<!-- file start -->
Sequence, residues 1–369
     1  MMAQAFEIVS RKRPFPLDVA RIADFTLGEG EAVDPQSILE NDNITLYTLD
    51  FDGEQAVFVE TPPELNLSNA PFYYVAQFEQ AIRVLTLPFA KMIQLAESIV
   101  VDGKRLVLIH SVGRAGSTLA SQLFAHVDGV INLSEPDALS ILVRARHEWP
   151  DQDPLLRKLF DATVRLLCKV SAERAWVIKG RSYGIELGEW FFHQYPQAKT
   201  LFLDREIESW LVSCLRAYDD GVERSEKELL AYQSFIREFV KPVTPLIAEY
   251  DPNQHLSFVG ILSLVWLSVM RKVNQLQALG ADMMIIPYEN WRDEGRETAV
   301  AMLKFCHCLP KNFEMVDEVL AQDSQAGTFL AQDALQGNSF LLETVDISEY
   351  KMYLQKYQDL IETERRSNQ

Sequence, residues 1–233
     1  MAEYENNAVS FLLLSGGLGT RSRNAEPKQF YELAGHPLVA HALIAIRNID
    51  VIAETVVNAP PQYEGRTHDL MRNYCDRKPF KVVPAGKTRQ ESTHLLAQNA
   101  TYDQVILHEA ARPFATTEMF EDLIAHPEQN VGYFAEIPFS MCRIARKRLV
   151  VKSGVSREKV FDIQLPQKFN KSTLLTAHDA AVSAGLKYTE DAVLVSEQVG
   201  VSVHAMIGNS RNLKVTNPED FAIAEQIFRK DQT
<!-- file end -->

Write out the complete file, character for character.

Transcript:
Sequence, residues 1–369
     1  MMAQAFEIVS RKRPFPLDVA RIADFTLGEG EAVDPQSILE NDNITLYTLD
    51  FDGEQAVFVE TPPELNLSNA PFYYVAQFEQ AIRVLTLPFA KMIQLAESIV
   101  VDGKRLVLIH SVGRAGSTLA SQLFAHVDGV INLSEPDALS ILVRARHEWP
   151  DQDPLLRKLF DATVRLLCKV SAERAWVIKG RSYGIELGEW FFHQYPQAKT
   201  LFLDREIESW LVSCLRAYDD GVERSEKELL AYQSFIREFV KPVTPLIAEY
   251  DPNQHLSFVG ILSLVWLSVM RKVNQLQALG ADMMIIPYEN WRDEGRETAV
   301  AMLKFCHCLP KNFEMVDEVL AQDSQAGTFL AQDALQGNSF LLETVDISEY
   351  KMYLQKYQDL IETERRSNQ

Sequence, residues 1–233
     1  MAEYENNAVS FLLLSGGLGT RSRNAEPKQF YELAGHPLVA HALIAIRNID
    51  VIAETVVNAP PQYEGRTHDL MRNYCDRKPF KVVPAGKTRQ ESTHLLAQNA
   101  TYDQVILHEA ARPFATTEMF EDLIAHPEQN VGYFAEIPFS MCRIARKRLV
   151  VKSGVSREKV FDIQLPQKFN KSTLLTAHDA AVSAGLKYTE DAVLVSEQVG
   201  VSVHAMIGNS RNLKVTNPED FAIAEQIFRK DQT